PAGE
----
Sumitomo Rubber invents enzyme evaluation technique

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Through ongoing joint research with Professor Yuzuru Tozawa of Saitama University, Associate Professor Seiji Takahashi of Tohoku University and Associate Professor Satoshi Yamashita of Kanazawa University, Sumitomo Rubber Industries has invented a new technique to evaluate enzymes using artificial membranes (nanodiscs). The technique will be used to gather further information on the mechanisms behind the biosynthesis of natural rubber.

With previous evaluation techniques making use of natural membranes, the latest technique from Sumitomo Rubber and its joint researchers utilizes artificial membranes to eliminate environmental impurities. As a result, higher precision evaluations will be enabled.

By using the technique to discover new significant constituents of natural rubber, all of the parties involved believe rubber yields can be improved, in addition to other advancements such as the potential for laboratory biosynthesis of natural rubber.

Three specific proteins play an important role in natural rubber biosynthesis (the synthesis of long polyisoprene chains) in Pará rubber trees: Hevea Rubber Transferase 1 (HRT1), HRT1-REF Bridging Protein (HRBP) and Rubber Elongation Factor (REF).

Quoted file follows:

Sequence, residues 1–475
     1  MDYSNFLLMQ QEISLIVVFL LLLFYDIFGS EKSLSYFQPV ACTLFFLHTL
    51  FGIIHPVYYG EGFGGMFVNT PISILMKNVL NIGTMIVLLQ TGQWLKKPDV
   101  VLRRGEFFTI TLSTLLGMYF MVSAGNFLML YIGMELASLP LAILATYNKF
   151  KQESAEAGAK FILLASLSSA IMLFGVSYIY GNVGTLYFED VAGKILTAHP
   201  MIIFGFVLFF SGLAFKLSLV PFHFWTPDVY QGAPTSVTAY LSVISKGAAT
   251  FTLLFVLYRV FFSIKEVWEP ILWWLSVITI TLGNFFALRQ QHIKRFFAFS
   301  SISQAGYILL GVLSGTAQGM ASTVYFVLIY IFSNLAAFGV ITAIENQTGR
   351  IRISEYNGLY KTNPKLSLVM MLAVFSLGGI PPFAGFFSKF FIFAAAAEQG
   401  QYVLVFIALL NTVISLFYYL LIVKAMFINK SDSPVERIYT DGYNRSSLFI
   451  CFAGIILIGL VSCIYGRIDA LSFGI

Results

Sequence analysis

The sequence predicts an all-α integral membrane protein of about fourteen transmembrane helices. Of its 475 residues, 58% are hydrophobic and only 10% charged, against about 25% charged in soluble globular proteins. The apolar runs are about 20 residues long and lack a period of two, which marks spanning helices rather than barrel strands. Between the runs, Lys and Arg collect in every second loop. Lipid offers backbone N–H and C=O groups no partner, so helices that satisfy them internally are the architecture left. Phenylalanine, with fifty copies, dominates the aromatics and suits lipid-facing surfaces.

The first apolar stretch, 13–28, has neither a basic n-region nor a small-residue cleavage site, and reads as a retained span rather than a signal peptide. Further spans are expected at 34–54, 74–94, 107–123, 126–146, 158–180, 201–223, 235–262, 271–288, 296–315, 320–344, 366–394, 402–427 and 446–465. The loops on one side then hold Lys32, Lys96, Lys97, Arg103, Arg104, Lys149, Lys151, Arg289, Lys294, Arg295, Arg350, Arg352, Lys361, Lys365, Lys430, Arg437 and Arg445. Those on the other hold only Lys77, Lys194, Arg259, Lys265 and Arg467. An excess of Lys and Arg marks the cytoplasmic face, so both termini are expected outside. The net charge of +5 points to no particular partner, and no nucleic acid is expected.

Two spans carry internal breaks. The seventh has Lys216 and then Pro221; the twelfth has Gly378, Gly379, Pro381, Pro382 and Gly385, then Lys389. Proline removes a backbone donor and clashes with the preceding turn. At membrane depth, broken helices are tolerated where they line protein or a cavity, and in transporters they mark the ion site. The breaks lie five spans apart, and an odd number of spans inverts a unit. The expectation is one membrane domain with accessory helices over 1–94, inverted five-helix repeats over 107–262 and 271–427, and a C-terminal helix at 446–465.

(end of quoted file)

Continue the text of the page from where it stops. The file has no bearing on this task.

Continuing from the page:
Parties involved state that it was not clear under what conditions HRT1 (an enzyme believed to bind multiple molecules together) fulfilled its particular function. Previously, HRT1 has been observed synthesizing isoprene chains when placed on natural membranes, such as those formed by rubber particles or yeast. However, the use of natural membranes presented an issue; that impurities in the membranes would inevitably contaminate the test environment, making it impossible to identify the other constituents necessary for isoprene chain synthesis. Because of this, the new enzyme evaluation technique was developed to use artificial membranes (nanodiscs) which contain no natural materials.

When using the latest technique Sumitomo Rubber discovered that HRT1 synthesizes isoprene chains when both HRT1 and HRBP are present on one of these artificial membranes. This occurrence marked the first time that HRT1 has been observed performing this function on an artificial membrane.

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After spending six years working as a mechanic for various motorsport and high-end performance car companies, Callum joined UKi Media & Events in February 2020 as an assistant editor. In this role he uses his vast practical knowledge and passion for automotive to produce informative news pieces for multiple vehicle-related sectors. Currently, he is responsible for content across UKi Media & Events' portfolio of websites while also writing for the company's print titles.

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